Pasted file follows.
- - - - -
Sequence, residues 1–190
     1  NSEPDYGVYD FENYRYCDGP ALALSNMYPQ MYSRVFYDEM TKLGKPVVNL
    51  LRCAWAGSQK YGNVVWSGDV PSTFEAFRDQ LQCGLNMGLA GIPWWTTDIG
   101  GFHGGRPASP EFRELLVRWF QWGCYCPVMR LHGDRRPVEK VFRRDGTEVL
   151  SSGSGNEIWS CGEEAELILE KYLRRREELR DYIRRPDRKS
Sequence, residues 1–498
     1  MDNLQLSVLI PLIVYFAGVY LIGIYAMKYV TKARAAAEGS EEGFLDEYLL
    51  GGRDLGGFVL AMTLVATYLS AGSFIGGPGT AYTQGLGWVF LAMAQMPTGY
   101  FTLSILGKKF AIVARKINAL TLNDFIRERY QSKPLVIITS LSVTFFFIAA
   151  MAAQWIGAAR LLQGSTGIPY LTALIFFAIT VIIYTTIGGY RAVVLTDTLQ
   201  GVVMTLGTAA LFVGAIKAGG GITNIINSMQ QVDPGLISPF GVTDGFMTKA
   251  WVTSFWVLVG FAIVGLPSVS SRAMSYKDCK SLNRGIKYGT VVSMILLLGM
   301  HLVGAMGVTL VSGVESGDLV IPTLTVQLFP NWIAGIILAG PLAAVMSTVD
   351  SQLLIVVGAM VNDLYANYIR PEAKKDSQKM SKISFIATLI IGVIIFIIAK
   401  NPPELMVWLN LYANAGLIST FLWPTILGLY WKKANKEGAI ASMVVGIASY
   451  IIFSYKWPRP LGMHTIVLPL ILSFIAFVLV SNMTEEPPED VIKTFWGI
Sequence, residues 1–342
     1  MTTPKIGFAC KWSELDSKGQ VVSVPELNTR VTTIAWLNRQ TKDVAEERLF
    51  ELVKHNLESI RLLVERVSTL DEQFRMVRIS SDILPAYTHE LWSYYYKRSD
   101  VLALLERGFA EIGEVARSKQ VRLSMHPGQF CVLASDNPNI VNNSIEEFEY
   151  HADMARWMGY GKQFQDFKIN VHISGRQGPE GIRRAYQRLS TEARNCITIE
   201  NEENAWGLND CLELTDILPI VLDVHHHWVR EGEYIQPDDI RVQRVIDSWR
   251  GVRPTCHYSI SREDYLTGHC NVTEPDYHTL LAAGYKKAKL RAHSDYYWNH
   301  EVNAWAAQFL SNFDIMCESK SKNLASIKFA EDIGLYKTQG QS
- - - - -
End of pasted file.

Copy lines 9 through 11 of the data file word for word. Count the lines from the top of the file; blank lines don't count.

   101  FTLSILGKKF AIVARKINAL TLNDFIRERY QSKPLVIITS LSVTFFFIAA
   151  MAAQWIGAAR LLQGSTGIPY LTALIFFAIT VIIYTTIGGY RAVVLTDTLQ
   201  GVVMTLGTAA LFVGAIKAGG GITNIINSMQ QVDPGLISPF GVTDGFMTKA